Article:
by Stan Mitchell
“Rejoice with those who rejoice; weep with those who weep” (Romans 12:15).
Charles Swindoll in his book “Killing Giants, Pulling Thorns,” tells of a little child who lost a playmate to death. One day the child announced to her family that she had gone to comfort the sorrowing mother.
Surprised, and a little alarmed, her family wondered what had happened.
“What did you say?” asked her father.
“Oh nothing,” the little girl responded, “I just climbed up on her lap and cried with her.”
I doubt that the most eloquent preacher in town could have communicated better. When someone loses a loved one we are afraid to speak to the bereaved. “I won’t know what to say,” we declare, “What if I say the wrong thing?” we fret.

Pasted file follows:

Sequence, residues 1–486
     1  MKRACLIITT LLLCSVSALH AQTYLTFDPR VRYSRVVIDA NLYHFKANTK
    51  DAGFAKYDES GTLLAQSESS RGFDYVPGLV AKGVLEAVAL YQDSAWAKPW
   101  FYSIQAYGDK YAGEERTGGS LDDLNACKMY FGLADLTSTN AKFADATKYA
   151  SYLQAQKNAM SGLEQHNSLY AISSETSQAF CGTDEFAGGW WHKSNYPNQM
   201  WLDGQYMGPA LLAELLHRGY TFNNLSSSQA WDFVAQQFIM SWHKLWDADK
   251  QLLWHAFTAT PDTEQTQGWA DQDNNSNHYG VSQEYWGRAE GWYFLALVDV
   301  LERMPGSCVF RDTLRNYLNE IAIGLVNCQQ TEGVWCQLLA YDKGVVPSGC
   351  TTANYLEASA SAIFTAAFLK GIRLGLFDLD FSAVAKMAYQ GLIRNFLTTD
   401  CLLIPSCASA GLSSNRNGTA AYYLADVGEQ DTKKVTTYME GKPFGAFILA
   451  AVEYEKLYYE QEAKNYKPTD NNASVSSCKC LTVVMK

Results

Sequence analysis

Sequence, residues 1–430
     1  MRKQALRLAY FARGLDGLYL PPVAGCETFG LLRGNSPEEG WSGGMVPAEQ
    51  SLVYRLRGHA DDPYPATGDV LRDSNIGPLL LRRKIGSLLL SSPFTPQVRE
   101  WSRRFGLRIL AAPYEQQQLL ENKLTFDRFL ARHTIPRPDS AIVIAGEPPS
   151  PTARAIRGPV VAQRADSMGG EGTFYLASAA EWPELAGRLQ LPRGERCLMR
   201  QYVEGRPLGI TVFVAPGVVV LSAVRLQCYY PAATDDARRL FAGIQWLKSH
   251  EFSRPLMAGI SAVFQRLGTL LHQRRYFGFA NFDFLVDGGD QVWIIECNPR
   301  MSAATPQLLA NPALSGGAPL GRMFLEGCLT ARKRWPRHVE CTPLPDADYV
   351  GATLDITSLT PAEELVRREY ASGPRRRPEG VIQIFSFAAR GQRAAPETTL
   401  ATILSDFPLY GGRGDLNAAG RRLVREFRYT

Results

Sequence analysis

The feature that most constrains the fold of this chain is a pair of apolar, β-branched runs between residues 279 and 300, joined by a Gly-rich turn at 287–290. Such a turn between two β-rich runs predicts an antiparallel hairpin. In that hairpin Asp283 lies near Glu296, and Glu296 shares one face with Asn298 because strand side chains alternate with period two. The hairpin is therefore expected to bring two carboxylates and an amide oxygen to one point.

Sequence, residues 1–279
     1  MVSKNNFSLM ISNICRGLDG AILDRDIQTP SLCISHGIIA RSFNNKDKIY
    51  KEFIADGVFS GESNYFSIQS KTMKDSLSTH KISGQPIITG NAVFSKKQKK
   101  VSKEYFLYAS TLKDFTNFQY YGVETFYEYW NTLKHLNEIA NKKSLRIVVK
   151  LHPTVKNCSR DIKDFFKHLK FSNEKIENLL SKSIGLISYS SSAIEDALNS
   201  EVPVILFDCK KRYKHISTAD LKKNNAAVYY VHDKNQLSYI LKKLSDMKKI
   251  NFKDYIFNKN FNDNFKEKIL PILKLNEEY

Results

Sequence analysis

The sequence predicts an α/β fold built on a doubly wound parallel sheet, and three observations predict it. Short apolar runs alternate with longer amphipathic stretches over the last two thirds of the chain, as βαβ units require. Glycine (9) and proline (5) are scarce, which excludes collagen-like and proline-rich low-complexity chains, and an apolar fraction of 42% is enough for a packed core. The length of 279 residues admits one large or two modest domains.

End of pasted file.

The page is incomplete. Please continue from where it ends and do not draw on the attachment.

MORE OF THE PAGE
These fears are natural. But remember in your anxiety that their sorrow is much greater than your discomfort.
I have learned that it is better to try to do something than to leave the bereaved without a word at all, without the touch of a caring friend. Even if you do nothing more than “weep with those who weep,” your very caring has communicated something important.
Most people who are experiencing this don’t expect you to say something that is historically profound. Your words of wisdom won’t dispel the cloud of hurt they are under, and they understand that. What they do want is to know if someone cares.
Hold a hand. Write a card. Pull a thorn out of a throbbing foot. Shed a tear with them.
Those actions will say more than your words can, anyway.